The government's move to buy back shares would affect public sector companies hungry for capital to fund their expansion plans, say marketmen.
Amit Tandon, former managing director of Fitch Ratings and co-founder of Institutional investors advisory services, said the move was not good for companies which have capital expenditure plans laid out.
"For companies like SAIL and ONGC, which have laid out huge expansion plans and are in need of capital, diverting of resources to buy back own shares is debilitating. This needs to be certainly revisited. Many Navratnas have enough plans laid out.
On the other hand, if companies are sitting on huge cash piles and do not know what to do with them, a buyback of shares may be useful," Tandon said.
SAIL would continue to place maximum thrust on capacity addition, for which capital expenditure would be made "with positive and upbeat sentiments", C S Verma had told shareholders in an AGM earlier this week.
"Cumulative orders worth about Rs 54,000 crore have already been placed under SAIL's ongoing modernisation & expansion plan to realise hot metal production capacity of 23.5 million tonnes by 2012-13," he said.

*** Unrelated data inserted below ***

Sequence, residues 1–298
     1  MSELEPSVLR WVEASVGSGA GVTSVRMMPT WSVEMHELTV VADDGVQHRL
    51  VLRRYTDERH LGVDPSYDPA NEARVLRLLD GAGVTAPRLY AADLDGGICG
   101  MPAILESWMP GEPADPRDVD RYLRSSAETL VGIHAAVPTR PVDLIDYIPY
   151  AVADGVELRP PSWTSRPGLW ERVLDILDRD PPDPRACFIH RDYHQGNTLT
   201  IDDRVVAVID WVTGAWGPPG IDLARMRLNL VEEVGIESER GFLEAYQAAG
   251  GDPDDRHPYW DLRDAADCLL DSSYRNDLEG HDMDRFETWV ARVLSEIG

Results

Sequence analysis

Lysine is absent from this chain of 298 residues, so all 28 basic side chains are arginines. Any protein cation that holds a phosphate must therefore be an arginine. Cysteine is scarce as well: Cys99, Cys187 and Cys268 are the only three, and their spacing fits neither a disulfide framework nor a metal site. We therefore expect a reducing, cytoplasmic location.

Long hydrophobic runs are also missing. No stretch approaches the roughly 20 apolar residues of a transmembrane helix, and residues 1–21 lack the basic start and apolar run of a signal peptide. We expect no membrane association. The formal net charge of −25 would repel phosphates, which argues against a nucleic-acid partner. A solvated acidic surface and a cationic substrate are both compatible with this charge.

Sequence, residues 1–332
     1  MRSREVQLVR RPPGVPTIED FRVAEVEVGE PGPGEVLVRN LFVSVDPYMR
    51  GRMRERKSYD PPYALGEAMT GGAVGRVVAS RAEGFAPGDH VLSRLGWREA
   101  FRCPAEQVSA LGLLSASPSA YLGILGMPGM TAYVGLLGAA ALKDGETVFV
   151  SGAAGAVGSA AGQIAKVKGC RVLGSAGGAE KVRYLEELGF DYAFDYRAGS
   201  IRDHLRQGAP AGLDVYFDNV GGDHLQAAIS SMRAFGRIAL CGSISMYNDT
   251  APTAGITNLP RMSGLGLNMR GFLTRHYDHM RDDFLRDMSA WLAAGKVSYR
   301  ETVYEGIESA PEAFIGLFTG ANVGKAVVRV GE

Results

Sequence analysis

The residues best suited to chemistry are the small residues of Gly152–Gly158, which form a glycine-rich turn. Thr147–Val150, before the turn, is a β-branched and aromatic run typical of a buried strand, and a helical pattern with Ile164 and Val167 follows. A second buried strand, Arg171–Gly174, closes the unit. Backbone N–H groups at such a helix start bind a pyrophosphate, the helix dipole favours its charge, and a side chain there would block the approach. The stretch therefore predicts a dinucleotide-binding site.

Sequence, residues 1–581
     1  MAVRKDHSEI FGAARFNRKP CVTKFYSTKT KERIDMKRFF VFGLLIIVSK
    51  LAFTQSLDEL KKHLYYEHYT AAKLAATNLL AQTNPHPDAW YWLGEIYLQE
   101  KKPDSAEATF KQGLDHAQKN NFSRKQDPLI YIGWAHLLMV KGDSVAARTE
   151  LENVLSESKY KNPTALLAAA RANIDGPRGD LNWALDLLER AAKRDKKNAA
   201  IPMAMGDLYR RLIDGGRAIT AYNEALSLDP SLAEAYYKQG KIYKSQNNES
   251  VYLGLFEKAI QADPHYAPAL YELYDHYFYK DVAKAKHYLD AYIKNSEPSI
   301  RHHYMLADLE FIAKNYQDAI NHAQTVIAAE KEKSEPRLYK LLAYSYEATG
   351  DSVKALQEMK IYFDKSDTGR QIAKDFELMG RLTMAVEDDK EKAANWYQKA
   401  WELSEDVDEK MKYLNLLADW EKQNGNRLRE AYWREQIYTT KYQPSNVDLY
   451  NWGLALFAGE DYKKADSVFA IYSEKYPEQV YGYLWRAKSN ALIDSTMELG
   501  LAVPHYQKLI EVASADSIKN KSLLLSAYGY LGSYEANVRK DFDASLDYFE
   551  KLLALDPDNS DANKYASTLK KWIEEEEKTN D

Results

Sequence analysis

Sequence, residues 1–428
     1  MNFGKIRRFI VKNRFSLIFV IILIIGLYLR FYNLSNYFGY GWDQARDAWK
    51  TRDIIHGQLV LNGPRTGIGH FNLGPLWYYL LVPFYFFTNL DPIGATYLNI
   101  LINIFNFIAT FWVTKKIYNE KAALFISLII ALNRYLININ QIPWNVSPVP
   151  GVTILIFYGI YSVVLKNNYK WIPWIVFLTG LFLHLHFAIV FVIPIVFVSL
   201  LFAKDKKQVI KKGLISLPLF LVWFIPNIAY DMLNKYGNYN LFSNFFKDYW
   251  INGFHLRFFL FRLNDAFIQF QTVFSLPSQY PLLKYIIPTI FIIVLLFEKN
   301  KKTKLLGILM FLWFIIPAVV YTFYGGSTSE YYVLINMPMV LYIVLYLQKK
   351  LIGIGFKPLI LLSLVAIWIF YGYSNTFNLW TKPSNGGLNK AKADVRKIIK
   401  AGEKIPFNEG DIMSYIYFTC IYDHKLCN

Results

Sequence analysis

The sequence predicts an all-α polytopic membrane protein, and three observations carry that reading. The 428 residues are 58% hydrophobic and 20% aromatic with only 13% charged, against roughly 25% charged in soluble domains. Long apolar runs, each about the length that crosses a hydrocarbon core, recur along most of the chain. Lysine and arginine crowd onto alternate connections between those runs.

In such circumstances, the buyback move would not only deplete existing resources, it would also constrain the companies from raising
"It appears to be a desperate move,"said R Balakrishnan, Chennai-based independent adviser, " the move could restrict their ability to raise money for the next couple of years".
While the completion of the offer could take a few months, Sebi rules specify a moratorium of six months for any new fund raising after completion of the buyback offer.
Buyback is one of the many ways available for a company to deploy surplus cash. Paying out dividends is the other form. Most minority investors prefer the latter as it is more transparent and investor-friendly.
Last year, Piramal Healthcare chose the buyback route to pay surplus generated by sale of part if its pharma business, much to the discontent of investors.
Unlike in a dividend payout, an investor is not sure of what he is getting. A buyback offer is generally made for a particular number of shares or a particular corpus subject to a price ceiling. If more investors tender shares, the offer is done on a pro-rate basis.
Government being the largest shareholder is likely to get the lion's share as it holds over 70 per cent in many large PSUs.
Balakrishnan advises investors to stay back and not to tender in such offer. "If the offer is made at a reasonable price, investors should hold back. If they hold back, since the shares bought back will be extinguished, the stake of residual shareholders will go up," he said.